Everyone is welcome. Before Facebook and social media, the library was a public living room where I could meet up with friends and help each other with our homework assignments. I learned to ask questions and explore new ideas. True community should be available to everyone regardless of socioeconomic standing, background, or belief system. To grow in understanding and compassion, we have to connect with others, build friendships, and share our resources.

Today I live in a larger city, and I drive to the library a few miles from my home. The automatic doors swing open to greet me, computer kiosks wait to check out my books, but the library remains largely unchanged. In the quiet and comfortable atmosphere, I am always ready to learn something new.

What have you learned from listening to others in your community? How do your share your resources to encourage each other?


The automatic doors whooshed open, and we walked inside the glass dome. The air felt heavy and humid. Voices hushed and murmured. Despite the general peace and quiet under the sparkling dome, the botanical garden had much to teach about the colorful abundance and orderly chaos of life.

Reach for the light. The flowers in the garden turn their blooms toward the sun and rise slowly upward from the ground. The trees are always striving from the darkness of the earth toward the brightness of the sky. In life, we grow when we look up. We have to keep stretching skyward, always reaching toward a better life and a brighter atmosphere.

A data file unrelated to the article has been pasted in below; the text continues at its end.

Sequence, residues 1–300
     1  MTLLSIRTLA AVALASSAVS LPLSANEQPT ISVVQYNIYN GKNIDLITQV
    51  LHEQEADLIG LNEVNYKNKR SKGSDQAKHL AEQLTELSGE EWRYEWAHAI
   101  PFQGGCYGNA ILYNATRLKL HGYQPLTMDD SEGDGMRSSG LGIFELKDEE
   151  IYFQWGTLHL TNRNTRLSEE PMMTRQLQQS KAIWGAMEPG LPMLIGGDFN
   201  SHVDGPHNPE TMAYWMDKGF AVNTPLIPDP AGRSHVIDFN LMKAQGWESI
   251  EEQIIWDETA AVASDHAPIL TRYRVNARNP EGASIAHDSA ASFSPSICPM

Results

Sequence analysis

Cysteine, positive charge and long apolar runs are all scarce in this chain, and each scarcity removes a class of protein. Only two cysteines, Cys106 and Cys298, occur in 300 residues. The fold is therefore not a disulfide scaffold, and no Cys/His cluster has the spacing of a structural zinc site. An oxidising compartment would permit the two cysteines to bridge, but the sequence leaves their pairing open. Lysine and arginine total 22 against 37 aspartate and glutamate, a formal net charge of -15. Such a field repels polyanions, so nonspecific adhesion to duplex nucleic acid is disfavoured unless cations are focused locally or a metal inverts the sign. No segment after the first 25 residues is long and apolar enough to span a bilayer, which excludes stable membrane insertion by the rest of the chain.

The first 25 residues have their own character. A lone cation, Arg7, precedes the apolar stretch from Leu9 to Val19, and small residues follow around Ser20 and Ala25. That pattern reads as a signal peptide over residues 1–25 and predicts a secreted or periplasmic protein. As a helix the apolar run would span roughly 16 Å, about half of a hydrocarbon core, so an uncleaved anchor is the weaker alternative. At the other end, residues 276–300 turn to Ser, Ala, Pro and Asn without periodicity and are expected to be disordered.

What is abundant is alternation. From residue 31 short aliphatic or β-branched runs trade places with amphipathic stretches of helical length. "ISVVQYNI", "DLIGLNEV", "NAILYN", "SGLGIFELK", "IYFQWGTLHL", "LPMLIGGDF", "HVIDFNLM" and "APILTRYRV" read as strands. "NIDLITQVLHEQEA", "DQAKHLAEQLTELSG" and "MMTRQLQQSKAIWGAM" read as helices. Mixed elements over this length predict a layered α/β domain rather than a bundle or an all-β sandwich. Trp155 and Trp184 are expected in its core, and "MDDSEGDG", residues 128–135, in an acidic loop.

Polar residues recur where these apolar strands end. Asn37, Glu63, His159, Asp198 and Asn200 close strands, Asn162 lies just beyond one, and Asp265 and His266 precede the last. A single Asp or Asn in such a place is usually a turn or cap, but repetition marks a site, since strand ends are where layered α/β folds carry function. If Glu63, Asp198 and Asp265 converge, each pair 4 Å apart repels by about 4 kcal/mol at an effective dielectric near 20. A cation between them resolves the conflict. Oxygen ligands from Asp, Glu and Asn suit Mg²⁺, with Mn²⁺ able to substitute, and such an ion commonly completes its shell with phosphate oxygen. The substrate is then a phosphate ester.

Have deep roots. Tall trees and shrubs spread their root systems downward to hold them firmly in place. The taller the tree reaches, the farther its roots spread beneath, and the stronger the trunk will stand. The values we practice and the beliefs we hold will secure us firmly when storms rage and winds blow. The higher we want to go, the stronger and deeper our foundations need to be.

Hold on to what you love. Vines entwine great tree trunks and climb forever upwards with their support. Their clinging branches need something to support them as they seek for higher ground. We all need others to hold us up and help us reach our highest purpose. When we find the causes and people that give our lives meaning, we need to wrap them tight and hold them close.

But know when to let go. The earth turns, the air cools, and trees lose their once-green leaves. Seasons of growth and change are part of the natural progression of life. We need to recognize when old situations or relationships are no longer helping us learn. Sometimes we will have to release what we once had and move on to a new season of growth.

Be colorful. Each leaf in the botanical garden is different. Every bloom is a carefully crafted original of beauty and design. Each person is made to fulfill a different purpose within God’s vast creation. Every one of us can find her perfect place and perform her unique contribution.

The doors whooshed shut behind us when we left the garden. The trees continued reaching, flowers went on blooming without our interference. Life moves on without our constant direction or control. The earth turns at God’s command, and we can be comforted that all is safe within his hands.


How do you recognize the abundance of life surrounding you? Where do you go to remember the perfection of God’s creation?